# 10.3.1: ATS routes


A route is a description of the path followed by an aircraft when flying between airports. A complete route between airports often uses several airways connected by waypoints. However, airways can not be directly connected to airports. The transition from/to airports and airways is defined in a different way as we will see later on. Thus, the network of ATS routes refer only to the en-route part of the flight (excluding operations near airports).

## Airways

Figure 10.8: Air navigation chart: VOR stations as black hexagons (PPM, DQO, MXE), NDB station as brown spot (APG), VORNAV intersection fixes as black triangles (FEGOZ, BELAY, SAVVY), RNAV fixes as blue stars (SISSI, BUZIE, WINGO), VORNAV airways in black (V166, V499), RNAV airways in blue (TK502, T295), and other data. Author: User:Orion 8 / Wikimedia Commons / Public Domain.

An airway has no physical existence, but can be thought of as a motorway in the sky. In Europe, airways are corridors 10 nautical miles (19 km) wide. On an airway, aircraft fly at different flight levels to avoid collisions. The different flight levels are vertically separated 1000 feet.11 On a bi-directional airway, each direction has its own set of flight levels according to the course of the aircraft:

• Course to the route between $$0^{\circ}$$ and $$179^{\circ}$$: east direction $$\to$$ Odd flight levels.
• Course to the route between $$180^{\circ}$$ and $$359^{\circ}$$: west direction $$\to$$ Even flight levels.

Each airway starts and finishes at a waypoint, and may contain some intermediate waypoints as well. Airways may cross or join at a waypoint, so an aircraft can change from one airway to another at such points. A waypoint is thus most often used to indicate a change in direction, speed, or altitude along the desired path. Where there is no suitable airway between two waypoints, ATC may allow a direct waypoint to waypoint routing which does not use an airway. Additionally, there exist special tracks known as ocean tracks, which are used across some oceans. Free routing is also permitted in some areas over the oceans.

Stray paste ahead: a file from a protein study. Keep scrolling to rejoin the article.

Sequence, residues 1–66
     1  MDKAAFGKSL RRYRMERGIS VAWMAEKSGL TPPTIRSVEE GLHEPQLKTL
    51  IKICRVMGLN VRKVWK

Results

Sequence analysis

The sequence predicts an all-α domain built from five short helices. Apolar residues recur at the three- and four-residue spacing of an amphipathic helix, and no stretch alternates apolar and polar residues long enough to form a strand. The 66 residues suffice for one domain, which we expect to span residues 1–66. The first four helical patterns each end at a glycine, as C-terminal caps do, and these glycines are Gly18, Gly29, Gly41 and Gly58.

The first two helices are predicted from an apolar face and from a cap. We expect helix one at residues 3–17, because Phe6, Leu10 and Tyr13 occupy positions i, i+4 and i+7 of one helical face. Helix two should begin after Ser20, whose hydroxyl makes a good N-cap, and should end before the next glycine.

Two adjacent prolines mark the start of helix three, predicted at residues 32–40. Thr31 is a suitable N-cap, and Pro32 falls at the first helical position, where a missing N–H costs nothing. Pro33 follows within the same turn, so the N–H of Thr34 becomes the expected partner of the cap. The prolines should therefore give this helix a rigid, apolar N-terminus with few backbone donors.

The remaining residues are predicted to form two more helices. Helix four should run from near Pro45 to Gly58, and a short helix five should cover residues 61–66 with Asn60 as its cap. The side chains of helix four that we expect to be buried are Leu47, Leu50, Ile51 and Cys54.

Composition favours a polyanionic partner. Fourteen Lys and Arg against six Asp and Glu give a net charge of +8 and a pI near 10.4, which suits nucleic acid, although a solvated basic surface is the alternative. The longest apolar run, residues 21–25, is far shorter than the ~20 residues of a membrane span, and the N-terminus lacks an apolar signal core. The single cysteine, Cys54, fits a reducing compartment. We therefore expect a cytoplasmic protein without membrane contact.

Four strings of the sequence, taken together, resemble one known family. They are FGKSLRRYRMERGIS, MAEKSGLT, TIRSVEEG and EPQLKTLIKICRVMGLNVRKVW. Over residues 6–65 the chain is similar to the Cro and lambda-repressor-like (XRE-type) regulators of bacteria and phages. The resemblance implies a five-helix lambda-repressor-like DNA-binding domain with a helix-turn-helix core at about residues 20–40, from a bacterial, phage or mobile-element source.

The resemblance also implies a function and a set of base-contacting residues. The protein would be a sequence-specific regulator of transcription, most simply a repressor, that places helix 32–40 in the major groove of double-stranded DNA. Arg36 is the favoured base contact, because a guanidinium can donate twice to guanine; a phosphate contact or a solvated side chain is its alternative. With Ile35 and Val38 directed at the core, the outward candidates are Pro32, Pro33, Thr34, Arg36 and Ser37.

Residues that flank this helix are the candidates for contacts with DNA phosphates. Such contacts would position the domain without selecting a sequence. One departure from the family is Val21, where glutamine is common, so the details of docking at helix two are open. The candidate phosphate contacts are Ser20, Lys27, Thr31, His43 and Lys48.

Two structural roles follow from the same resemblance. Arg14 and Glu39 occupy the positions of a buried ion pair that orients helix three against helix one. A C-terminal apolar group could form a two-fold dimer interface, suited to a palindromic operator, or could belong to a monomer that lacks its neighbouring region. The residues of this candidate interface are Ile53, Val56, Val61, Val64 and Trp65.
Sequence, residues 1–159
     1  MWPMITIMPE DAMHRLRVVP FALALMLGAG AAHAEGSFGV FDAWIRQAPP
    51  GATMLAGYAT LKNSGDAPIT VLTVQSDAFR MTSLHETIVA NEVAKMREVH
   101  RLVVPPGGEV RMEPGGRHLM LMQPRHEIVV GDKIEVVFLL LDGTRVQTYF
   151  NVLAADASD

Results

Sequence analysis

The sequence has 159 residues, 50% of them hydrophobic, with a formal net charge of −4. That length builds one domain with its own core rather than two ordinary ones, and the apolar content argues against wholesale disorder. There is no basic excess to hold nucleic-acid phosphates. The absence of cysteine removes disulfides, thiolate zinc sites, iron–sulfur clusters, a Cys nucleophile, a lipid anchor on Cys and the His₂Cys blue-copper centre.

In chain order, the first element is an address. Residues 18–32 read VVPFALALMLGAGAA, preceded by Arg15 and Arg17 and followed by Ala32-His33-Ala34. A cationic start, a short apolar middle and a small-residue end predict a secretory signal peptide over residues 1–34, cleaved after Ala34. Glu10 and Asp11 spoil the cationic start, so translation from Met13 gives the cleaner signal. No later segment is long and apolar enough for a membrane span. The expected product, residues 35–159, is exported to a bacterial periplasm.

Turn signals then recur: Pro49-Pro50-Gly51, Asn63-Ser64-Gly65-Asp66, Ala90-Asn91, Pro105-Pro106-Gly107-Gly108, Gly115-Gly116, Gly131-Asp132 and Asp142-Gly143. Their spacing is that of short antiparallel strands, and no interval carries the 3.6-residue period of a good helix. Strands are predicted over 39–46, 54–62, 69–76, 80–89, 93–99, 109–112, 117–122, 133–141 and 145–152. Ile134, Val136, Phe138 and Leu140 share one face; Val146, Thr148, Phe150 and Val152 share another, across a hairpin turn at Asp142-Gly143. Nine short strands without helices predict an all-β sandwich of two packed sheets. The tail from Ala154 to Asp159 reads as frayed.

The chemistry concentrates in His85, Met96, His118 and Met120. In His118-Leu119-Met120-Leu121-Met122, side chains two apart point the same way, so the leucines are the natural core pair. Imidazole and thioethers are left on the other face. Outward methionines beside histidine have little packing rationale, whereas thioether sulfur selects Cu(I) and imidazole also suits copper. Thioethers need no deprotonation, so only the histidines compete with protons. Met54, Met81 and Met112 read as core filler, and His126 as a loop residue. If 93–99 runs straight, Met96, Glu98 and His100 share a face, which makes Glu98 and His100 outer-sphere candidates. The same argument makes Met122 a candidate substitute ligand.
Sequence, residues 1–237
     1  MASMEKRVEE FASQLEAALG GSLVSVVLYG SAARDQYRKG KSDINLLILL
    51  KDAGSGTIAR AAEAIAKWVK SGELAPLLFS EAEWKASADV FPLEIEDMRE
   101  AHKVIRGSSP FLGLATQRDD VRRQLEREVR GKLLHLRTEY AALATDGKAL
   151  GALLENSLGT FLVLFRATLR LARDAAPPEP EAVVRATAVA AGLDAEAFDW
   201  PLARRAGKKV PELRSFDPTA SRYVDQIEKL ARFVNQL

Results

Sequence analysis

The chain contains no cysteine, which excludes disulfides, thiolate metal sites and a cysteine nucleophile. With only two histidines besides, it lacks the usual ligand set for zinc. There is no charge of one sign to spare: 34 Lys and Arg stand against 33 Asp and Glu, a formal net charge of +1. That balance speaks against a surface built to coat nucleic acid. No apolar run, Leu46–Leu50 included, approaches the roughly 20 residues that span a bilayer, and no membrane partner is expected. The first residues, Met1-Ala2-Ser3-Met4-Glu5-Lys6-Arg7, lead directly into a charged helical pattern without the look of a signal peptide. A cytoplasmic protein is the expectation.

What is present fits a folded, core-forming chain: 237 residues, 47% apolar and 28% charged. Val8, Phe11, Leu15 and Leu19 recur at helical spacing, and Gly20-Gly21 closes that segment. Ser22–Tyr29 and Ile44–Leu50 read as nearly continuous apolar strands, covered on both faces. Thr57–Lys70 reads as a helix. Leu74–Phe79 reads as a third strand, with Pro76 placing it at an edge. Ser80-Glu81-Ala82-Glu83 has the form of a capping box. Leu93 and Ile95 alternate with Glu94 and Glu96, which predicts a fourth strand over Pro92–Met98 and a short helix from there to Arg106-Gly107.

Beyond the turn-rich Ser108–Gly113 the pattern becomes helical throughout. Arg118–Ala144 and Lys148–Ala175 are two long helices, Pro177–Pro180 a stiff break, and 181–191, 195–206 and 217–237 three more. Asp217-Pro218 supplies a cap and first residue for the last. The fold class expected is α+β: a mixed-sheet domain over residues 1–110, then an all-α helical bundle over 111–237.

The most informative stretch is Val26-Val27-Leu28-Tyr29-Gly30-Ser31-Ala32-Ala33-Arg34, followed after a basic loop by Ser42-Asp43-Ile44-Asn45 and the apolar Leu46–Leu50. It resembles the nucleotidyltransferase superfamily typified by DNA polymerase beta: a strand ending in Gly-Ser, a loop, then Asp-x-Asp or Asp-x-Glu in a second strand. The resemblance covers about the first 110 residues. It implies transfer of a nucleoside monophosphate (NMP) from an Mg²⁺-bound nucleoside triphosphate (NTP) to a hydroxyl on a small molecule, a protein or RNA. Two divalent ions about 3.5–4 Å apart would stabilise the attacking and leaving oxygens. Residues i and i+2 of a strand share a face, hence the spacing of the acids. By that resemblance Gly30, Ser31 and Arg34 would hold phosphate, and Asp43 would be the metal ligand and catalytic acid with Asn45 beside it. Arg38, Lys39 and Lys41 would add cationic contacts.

## Waypoints

A waypoint is a predetermined geographical position that is defined in terms of latitude/longitude coordinates (altitude is ignored). Waypoints may be a simple named point in space or may be associated with existing navigational aids, intersections, or fixes. Recently, it was typical that airways were laid out according to navigational aids such as VORs, NDBs, and therefore the position of the VORs or NDBs gave the coordinates of the waypoint (in this case, simply referred to as navaids). Nowadays, the concept of area navigation (RNAV) allows also to calculate a waypoint within the coverage of station-referenced navigation aids (VORs, NDBs) or within the limits of the capability of self contained aids, or a combination of these. Waypoints used in aviation are given five-letter names. These names are meant to be pronounceable or have a mnemonic value, so that they may easily be conveyed by voice.

## ATS routes network

Summing up, the complete network of routes formed by airways and waypoints is referred to as ATS routes. The ATS routes are published in the basic manual for aeronautical information referred to as Aeronautical Information Publication (AIP). AIP publishes information for en-route and aerodromes in different charts (the so-called navigation charts), which are usually updated once a month coinciding with the Aeronautical Information Regulation and Control (AIRAC) cycle. Ocean tracks might change twice a day to take advantage of any favorable wind.

11. This only applies up to 41000 ft., where the separation increases to 2000 ft.

10.3.1: ATS routes is shared under a CC BY-SA 3.0 license and was authored, remixed, and/or curated by Manuel Soler Arnedo via source content that was edited to conform to the style and standards of the LibreTexts platform; a detailed edit history is available upon request.